'Heavy Eyes' by Basement Revolver, album review for Northern Transmissions


Heavy Eyes

Basement Revolver

‘Heavy Eyes’ the debut record by Ontario trio, Basement Revolver, is an album built on threadbare vulnerability and stark intimacy, which is beamed onto a canvas made of lush soundscapes that slowly transition from fuzzy dream pop to crunching indie-rock. The combination of vocalist/guitarist, Chrisy Hurn’s almost-childlike delivery and band’s grandiose sound creates a mesmeric trance, this is where Hurn’s bruised, personal stories gradually swell in-front of your very eyes as swathes of layered guitars and sturdy drums gently waft over you.

From the outset ‘Heavy Eyes’ lays down a confessional marker within the first minute of the record; ‘Baby’ unfurls at a glacial pace as Hurn admits “there is giant cloud that sits above my head”, whilst the track’s colossal sonics seem to expand in slow-motion. The way in which Hurn coolly delivers her intimate wordplay helps dissolve any taboo or any awkwardness – especially when the vocalist opens up about a brush with a potential unplanned pregnancy scare “thank you madam Laura/for walking me to the pharmacy/I was so scared of starting the new life”. It’s as if you’re being ushered into a private world but you’re instantly accepted, it feels like all barriers have been broken down and you’re free to express yourself in whichever way you choose. There’s a subtle mantra at the records midway point, as Hurn utters “words are just words/are words/are words” as if to simplify the infamous “sticks and stones may break my bones, but words will never hurt me” saying our parents would utter to us as children. This isn’t to say just because ‘Heavy Eyes’ welcomes you with open arms it’s an easy listen; a lumbering darkness shrouds ‘Wait’ as Hurn contemplates something drastic “I wanna drive this car into the ocean/leave behind the scars that left me broken/wait. Tell me it’s alright to be alone again”. Whilst the majority of the three piece’s primary outing is encased in a shoegaze hum, the LP’s title track opts for a darker more abrasive sound, fuelled by Brandon Munro’s piston like drumming.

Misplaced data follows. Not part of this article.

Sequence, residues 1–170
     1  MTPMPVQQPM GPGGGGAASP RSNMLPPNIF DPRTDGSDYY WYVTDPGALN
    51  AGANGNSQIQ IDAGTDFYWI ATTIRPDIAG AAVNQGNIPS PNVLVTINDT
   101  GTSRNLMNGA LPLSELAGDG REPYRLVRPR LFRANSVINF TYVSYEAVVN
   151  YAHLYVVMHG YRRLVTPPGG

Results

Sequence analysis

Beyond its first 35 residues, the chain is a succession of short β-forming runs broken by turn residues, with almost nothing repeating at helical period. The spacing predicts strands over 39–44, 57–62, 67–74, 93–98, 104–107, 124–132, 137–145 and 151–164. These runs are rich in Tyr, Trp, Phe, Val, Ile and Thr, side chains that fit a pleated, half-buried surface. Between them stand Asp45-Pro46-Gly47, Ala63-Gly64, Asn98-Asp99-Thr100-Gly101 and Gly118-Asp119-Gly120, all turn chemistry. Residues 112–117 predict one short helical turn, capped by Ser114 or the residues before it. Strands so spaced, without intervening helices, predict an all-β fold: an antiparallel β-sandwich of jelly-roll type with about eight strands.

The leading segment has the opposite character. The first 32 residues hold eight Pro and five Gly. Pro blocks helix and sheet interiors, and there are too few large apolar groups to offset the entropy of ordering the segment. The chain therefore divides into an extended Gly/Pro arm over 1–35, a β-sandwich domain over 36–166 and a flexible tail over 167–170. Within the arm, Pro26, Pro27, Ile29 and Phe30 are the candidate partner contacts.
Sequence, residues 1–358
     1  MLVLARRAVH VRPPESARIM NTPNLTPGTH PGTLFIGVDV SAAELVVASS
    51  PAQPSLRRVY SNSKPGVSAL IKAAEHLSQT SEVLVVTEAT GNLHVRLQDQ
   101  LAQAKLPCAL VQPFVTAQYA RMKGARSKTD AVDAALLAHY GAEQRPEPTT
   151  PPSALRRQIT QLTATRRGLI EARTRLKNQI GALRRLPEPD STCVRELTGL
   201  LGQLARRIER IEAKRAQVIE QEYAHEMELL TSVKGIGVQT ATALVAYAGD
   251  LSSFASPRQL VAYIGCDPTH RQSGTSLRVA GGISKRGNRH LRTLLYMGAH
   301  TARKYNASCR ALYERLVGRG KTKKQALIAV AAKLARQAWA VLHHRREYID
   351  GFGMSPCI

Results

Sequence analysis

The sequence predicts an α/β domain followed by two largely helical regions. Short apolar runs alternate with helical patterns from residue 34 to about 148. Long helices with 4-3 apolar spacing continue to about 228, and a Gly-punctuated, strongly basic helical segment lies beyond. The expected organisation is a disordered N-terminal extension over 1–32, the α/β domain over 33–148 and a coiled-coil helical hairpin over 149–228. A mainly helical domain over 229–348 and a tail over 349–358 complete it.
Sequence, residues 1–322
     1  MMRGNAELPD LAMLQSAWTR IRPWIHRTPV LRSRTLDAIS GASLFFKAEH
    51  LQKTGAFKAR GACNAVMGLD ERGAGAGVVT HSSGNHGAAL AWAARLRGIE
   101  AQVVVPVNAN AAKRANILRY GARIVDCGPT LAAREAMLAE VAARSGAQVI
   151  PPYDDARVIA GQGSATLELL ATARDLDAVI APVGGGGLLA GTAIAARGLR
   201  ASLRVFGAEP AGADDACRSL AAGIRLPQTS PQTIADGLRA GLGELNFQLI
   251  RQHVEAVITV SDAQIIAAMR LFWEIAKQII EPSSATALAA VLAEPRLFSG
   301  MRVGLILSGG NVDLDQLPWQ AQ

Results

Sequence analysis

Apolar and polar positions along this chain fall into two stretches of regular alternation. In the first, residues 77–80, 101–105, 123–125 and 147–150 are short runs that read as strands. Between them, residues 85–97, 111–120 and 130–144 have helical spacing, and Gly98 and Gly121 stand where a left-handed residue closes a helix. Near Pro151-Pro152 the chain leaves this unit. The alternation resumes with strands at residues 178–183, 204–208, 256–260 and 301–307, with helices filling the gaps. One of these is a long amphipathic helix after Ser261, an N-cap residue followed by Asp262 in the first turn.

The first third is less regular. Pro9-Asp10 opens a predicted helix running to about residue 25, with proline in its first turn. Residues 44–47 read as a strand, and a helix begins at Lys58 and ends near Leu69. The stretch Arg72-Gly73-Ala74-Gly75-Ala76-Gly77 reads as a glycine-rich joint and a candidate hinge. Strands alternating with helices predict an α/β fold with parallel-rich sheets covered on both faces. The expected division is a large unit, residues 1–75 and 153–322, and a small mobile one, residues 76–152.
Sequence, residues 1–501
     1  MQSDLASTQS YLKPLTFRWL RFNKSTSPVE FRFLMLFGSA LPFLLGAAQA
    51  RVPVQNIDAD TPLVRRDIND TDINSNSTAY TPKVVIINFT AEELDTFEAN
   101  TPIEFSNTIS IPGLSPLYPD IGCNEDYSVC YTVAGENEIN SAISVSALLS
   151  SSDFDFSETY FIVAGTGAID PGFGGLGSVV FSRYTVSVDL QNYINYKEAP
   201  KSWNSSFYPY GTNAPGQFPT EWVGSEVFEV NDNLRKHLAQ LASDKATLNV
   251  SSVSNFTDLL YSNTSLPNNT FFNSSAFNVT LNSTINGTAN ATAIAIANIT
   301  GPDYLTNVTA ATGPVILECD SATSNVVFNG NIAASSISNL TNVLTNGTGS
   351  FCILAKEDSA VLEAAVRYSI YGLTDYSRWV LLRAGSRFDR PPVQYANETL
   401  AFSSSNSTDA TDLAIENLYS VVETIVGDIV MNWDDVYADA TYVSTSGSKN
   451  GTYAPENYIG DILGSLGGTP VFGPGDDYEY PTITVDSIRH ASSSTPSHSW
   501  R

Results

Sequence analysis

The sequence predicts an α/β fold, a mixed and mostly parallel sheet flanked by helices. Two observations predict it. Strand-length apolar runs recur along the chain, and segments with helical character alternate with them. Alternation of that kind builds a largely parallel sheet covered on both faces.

Whilst you can’t fault ‘Heavy Eyes’ openness, it’s an album with limited sonic gear changes, meaning tracks can blur into one and not always hold your attention. Equally, when Hurn goes for a higher register and holds a note for longer than expected, her voice can be a bit shrill which detracts from some of the record’s more delicate moments.

‘Heavy Eyes’ isn’t perfect but what is? If you’re looking for a record to find solace in, Basement Revolver have made this for you. The album comes out on August 24th via Sonic Unyon.

Words and thoughts of Adam Williams


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